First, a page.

B.A. Johnston Had Victoria Laughing at Themselves (and Everything Else)

Phoenix Bar & Grill, June 17

With Knife Manual and Pooched

Photo: Tyson Elder

BY Alan RantaPublished Jun 18, 2022

When the going gets weird, troubadour-on-the-skids B.A. Johnston is already there, camping out in the parking lot and selling hot dogs out of his mother's 2012 Dodge Grand Caravan. The Southern Ontario folk hero normally would have played at Logan's Pub, what he referred to as his Victoria home since 2003, but that legendary local venue was forced to close in 2020 amidst ongoing COVID restrictions. Instead, Johnston's post-pandemic trip to British Columbia's capital saw him land a fair distance out at the Phoenix Bar & Grill.

Closer to Saanich than the city proper, the friendly family-owned neighborhood pub barely has a website, and they haven't tweeted since 2019, so neither contained any mention of this show, but they're active on Facebook and available for live music on select weekend dates after the grill shuts down and they kick all the regulars out at 9 p.m. Between rolling keno results and a TV suitably playing Back to the Future III in its entirety, a sign over the waitress said "this bar may contain nuts," and last night (June 17) it was full of them.

Filling the unusual venue to capacity on a Friday night, Johnston hit Victoria in support of latest LP Werewolves of London, Ontario (fittingly named after the Warren Zevon classic and with an album cover decked out in Canadian ephemera), and made sure to sprinkle in plenty of local flair, starting with the two opening bands. Pooched's preferred self-descriptor of "toilet rock" sells their punky power-pop prowess short. Their set-up was simple — just a couple pedals each on a bass and guitar with a modest drum kit for a three-piece band playing three chords — but they were spirited enough to sell it with enthusiasm. Their guitarist broke a string near the end of their set, but said it wasn't an important one, and they made sure to encourage patrons to tip their bartenders.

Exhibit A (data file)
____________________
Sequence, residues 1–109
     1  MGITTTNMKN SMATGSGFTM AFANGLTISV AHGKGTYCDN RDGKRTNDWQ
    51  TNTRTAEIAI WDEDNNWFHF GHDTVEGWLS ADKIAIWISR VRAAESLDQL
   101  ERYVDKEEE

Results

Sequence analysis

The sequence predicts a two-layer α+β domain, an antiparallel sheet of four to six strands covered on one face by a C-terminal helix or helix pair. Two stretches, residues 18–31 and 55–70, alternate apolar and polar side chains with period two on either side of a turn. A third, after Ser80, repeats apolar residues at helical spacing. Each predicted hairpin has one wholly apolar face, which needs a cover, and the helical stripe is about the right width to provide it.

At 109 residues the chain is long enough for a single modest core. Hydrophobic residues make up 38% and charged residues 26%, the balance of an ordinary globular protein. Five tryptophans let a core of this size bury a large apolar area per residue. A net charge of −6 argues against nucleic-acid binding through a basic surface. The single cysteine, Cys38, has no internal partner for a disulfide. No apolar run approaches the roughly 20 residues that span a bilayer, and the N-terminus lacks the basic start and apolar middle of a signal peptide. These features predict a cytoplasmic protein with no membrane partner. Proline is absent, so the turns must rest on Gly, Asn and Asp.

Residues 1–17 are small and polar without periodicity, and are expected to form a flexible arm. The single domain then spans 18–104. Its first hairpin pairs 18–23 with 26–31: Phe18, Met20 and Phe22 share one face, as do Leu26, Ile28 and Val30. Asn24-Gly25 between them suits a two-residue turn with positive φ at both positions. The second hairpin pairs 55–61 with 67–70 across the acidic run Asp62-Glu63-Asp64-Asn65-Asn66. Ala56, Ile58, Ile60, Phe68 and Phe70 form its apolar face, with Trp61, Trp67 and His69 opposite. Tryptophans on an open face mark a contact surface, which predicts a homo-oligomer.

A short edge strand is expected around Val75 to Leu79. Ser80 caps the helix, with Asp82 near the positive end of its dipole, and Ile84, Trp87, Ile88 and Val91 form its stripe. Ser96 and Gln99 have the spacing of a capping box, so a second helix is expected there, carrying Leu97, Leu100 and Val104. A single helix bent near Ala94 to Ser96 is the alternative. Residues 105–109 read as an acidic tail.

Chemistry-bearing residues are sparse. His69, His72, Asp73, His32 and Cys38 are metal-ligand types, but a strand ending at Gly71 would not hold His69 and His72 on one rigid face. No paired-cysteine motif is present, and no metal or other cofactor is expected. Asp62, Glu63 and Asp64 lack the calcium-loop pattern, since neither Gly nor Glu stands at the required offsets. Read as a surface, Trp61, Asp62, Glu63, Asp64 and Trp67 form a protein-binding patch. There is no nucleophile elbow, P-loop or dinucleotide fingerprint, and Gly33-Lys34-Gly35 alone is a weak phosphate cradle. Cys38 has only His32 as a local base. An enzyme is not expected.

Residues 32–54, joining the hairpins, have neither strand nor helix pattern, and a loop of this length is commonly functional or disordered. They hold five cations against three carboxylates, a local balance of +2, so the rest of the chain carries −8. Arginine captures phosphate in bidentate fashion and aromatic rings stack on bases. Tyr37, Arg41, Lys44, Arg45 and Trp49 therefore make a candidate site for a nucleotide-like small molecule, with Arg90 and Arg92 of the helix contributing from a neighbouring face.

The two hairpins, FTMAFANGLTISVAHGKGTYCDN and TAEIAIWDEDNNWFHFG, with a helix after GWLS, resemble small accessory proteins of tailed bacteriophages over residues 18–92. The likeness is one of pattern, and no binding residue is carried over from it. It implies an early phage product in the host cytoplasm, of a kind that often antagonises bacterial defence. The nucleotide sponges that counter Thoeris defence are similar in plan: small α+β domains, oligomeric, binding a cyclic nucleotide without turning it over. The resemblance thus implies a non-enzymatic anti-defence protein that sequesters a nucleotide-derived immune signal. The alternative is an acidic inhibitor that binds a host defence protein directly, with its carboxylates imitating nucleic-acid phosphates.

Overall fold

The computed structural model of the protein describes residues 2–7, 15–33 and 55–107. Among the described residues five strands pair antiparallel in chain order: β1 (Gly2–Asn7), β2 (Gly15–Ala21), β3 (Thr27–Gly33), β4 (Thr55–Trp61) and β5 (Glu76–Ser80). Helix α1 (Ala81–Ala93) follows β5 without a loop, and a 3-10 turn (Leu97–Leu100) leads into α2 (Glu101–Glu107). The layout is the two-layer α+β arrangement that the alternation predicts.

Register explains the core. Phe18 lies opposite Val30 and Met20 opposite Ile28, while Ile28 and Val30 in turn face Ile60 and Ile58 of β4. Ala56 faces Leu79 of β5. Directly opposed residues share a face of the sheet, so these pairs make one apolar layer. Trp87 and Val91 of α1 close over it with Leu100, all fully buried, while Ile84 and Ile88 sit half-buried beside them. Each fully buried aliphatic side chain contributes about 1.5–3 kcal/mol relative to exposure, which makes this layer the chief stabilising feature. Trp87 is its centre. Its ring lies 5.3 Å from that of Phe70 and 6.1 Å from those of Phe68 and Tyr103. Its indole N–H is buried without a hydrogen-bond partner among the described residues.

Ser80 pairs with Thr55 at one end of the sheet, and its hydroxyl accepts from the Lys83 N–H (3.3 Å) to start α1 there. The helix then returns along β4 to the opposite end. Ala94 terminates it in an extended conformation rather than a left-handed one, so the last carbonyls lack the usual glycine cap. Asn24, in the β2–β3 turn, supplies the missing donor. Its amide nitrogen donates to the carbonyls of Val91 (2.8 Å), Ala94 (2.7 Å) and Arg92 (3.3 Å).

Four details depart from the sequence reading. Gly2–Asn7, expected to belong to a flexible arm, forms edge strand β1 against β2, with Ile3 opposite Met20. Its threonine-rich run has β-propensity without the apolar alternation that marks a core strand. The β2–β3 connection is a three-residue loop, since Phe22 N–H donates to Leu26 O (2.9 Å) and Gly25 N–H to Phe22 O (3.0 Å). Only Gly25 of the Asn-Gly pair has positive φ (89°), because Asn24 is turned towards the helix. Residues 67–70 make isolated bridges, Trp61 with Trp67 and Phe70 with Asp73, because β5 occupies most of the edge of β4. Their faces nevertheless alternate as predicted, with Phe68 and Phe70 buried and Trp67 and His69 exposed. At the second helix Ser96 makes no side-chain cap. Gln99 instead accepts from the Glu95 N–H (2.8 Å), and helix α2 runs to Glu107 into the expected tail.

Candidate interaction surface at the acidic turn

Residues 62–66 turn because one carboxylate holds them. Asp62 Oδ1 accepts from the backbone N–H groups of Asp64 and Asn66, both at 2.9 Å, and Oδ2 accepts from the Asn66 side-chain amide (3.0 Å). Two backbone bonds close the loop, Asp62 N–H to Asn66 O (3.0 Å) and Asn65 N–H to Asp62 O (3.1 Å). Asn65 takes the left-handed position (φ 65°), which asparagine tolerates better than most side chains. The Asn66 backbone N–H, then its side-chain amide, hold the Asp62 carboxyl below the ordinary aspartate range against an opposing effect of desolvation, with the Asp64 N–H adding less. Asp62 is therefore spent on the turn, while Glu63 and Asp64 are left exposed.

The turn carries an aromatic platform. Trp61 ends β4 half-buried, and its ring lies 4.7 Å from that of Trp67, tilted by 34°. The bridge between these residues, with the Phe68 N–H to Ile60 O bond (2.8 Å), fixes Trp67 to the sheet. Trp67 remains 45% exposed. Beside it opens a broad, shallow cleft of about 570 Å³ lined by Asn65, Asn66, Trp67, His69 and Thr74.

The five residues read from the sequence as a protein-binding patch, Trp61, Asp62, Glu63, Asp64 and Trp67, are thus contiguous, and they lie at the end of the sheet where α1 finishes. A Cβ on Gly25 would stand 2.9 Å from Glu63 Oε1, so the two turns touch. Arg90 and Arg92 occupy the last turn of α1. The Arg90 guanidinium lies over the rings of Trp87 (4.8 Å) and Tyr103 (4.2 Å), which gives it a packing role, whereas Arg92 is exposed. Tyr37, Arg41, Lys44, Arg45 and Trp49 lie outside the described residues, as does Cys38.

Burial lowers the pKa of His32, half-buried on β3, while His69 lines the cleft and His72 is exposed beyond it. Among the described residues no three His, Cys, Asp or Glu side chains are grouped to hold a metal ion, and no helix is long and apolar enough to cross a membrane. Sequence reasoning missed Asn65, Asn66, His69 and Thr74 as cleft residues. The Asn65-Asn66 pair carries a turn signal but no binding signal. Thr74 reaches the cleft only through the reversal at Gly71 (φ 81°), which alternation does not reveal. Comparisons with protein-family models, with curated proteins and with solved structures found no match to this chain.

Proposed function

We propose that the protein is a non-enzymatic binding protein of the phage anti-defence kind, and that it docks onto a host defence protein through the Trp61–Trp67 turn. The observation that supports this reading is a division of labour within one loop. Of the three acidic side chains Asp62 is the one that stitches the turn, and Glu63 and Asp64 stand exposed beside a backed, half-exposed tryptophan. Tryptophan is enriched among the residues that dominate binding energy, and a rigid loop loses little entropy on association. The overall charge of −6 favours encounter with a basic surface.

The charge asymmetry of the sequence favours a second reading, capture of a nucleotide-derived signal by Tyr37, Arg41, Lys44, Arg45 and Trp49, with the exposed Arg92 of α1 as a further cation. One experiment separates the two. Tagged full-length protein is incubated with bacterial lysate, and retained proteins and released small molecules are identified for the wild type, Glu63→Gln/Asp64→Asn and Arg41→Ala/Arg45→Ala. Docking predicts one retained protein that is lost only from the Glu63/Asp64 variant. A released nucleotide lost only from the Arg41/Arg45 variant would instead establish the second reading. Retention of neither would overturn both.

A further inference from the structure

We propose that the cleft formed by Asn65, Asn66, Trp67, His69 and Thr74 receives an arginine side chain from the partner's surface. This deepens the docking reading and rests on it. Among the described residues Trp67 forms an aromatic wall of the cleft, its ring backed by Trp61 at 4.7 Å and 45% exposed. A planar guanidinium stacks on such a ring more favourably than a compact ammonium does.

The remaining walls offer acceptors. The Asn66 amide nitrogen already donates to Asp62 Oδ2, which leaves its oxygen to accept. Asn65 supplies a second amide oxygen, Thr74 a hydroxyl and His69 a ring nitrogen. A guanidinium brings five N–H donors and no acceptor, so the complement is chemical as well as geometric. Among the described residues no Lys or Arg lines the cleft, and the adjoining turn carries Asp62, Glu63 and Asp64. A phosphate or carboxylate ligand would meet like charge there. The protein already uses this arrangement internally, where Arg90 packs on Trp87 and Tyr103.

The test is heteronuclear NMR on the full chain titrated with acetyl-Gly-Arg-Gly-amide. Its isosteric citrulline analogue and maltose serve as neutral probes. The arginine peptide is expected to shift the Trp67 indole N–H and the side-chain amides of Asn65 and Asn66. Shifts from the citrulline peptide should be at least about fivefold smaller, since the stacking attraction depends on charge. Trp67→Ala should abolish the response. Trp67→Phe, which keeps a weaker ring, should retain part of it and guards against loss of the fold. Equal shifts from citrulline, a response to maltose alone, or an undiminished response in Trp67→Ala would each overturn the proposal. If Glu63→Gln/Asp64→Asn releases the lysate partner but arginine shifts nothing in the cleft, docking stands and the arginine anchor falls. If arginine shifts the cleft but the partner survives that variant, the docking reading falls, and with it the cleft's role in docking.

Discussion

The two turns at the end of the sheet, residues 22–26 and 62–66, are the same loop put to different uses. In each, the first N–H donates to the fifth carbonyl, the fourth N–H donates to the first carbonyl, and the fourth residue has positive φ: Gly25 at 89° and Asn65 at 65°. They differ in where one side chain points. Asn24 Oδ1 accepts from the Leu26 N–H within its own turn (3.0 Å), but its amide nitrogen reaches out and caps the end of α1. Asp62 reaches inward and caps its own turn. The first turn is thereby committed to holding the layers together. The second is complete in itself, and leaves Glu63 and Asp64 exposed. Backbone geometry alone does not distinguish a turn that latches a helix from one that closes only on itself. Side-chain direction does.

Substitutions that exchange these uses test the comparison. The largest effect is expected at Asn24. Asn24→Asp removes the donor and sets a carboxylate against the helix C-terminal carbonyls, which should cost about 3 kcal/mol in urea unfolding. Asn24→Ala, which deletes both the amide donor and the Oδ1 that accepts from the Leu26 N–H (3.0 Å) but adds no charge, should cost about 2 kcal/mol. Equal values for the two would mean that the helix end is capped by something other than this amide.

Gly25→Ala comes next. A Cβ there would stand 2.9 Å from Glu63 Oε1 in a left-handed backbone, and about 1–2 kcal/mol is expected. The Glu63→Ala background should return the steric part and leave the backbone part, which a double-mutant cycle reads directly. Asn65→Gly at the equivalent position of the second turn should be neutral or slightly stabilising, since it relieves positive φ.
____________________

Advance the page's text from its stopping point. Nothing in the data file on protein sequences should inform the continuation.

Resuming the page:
Punk quintet Knife Manual set the stage for Johnston's trademark theatricality thanks to the onstage addition of Coach Wolf, an older gentleman wearing a "Knife Manual Coach" sweatshirt, tight '70s gym shorts and striped sports socks. He spent the set timing the band on a stopwatch to make sure they played fast enough, and blowing them the whistle for taking too long between songs. That said, when the band started into a shockingly faithful cover of "Ocean Pearl" by 54-40, Coach Wolf appeared to be taking a bathroom break, so no penalty was called. (Someone onstage eventually declared him the worst coach ever.) The crowd playfully churned for occasional songs until near the end of their set, when they spent several rapid-fire thrash tracks shoving from one side of the steamy, beer-soaked room to the other, coaxing vocalist Ty Stranglehold to ask for a window to be opened as he dripped with sweat.

It would only get hotter for B.A. Johnston.